Companies win or lose in the modern marketplace based upon the actionable insights they can derive from their data. We’re in the age of information warfare (that is used against us everyday, especially in political elections, but that’s a post for a different blog), and companies are competing with, or attacking, each other based on the quality of their data. This is why big data science is taking off and why many companies are engaging third party “experts” to help them get started. But not all of these experts are truly experts. Here are some questions to ask and gotchas to walk out for when considering the pitches from supposed experts.
What’s in the 10% to 20% that wasn’t mapped?
While it’s true you can get a lot of insight when 80% of the spend is mapped, and often enough to get an idea where to dig in, there’s two things to watch out for when the data “experts” come back and say they’ve mapped 80%. First of all, is it 80% of spend, 80% of transactions, or 80% of the supply base? Be very careful to understand what 80% was mapped. If it was spend, chances are it’s the big value transactions, and the tail spend is unmapped. If the tail spend contains small, but critical components to production (such as control chips for expensive electro-mechanical systems), this could be problematic if this spend is increasing year over year, or everyone could be okay. If it’s 80% of transactions, this could leave the largest value transactions unmapped, which could completely skew the opportunity analysis. If it’s 80% of the supply base, the riskiest suppliers could go unmapped, and the risk analysis could be skewed.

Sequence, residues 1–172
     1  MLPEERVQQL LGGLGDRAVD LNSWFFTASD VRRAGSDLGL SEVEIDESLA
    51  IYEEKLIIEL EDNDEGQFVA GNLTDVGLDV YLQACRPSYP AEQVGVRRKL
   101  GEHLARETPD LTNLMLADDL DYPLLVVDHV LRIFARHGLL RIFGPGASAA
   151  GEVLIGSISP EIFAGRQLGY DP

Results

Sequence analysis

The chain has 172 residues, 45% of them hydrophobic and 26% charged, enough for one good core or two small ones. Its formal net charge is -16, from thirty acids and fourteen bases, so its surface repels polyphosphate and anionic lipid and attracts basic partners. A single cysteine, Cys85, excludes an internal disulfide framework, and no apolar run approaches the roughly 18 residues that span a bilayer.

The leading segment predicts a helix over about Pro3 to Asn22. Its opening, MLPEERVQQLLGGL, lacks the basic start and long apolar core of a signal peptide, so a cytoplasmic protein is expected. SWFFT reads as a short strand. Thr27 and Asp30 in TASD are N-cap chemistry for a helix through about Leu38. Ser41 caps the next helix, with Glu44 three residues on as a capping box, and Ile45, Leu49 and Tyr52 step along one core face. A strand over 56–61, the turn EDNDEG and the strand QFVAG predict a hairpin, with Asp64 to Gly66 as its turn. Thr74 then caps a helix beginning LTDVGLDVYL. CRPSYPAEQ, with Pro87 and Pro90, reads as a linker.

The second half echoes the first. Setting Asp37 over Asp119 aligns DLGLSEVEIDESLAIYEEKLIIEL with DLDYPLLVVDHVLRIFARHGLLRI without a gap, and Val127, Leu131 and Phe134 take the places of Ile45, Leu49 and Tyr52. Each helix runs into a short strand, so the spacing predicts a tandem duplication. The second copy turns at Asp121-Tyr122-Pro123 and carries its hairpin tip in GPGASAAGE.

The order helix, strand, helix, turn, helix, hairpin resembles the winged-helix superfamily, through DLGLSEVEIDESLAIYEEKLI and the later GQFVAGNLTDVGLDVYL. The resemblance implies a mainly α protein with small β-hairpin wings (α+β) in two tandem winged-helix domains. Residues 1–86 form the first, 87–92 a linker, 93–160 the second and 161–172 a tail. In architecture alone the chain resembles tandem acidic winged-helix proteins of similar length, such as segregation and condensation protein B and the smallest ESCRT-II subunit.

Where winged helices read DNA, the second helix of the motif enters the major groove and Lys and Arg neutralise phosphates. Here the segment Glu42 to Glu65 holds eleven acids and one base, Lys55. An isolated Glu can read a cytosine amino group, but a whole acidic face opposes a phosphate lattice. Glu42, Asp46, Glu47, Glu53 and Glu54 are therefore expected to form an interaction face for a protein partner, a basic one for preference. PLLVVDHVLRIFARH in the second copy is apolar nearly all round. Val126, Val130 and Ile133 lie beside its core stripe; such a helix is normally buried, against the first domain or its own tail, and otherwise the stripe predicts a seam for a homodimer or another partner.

How many of the recommendations are backed up with your data and not just industry benchmarks?
If the “expert” says that their benchmarks indicate huge opportunities in specific categories, make sure the benchmarks are based on your data, and not data gathered from your competitors (and used in lieu of doing a detailed analysis on your data). Make sure the “experts” are not taking shortcuts (because your data was dirtier than they expected and they didn’t want to make the effort to clean it).
Remember what Sir Arthur Conan Doyle said, It is a capital mistake to theorize before one has data. Insensibly one begins to twist facts to suit theories, instead of theories to suit facts. And, specifically, before one has their own data, not just any data!
Never forget there are lies, damn lies, and statistics!
In the best case, statistics are used for supporting arguments rather than leading, illuminating, arguments. In the worst case, they are used to plug holes in the preliminary analysis that the “expert” would rather not tell you about. (Experts rarely want to admit your data is so dirty and incomplete that they couldn’t do their preliminary analysis to the promised level of accuracy in the time given. They’d rather discover that during the project, after they have it, and, if necessary, put in a change order to clean it for you, and take more of your money.)
Remember that statistics can be used to skew arguments just about anyway you want to, especially if you are willing to use +/- with 90% confidence …
Not everything that can be counted counts!
Remember what Einstein said, because in this age of data overload it’s never been more true. Detailed analysis on certain types of trend data, social media reviews, and segmented consumer purchase patterns don’t always yield any insight, especially when the goal is spend reduction or demand optimization. It all comes down to what Denning said, if you do not know how to ask the right question which will help you focus on the right data then you discover nothing.
There’s no such thing as an alternative fact!
While most consultants in our space won’t try to sell you alternative facts, they may try to sell you alternative interpretations to the ones the data suggest. This is almost as bad. Always remember that Aldous Huxley once said that facts do not cease to exist because they are ignored. If we only had to deal with experts and consultants ignoring facts. These consultants especially in the political arena, that try to sell alternative facts or alternative interpretations are selling what has to be the biggest crock of bullsh!t they have come up with yet.
Finally, its not only opportunities that multiply as they are seized (Sun Tzu), it is also misfortunes that come from making bad decisions from bad or incomplete analyses.
And yes, someone has to be the gnashnab!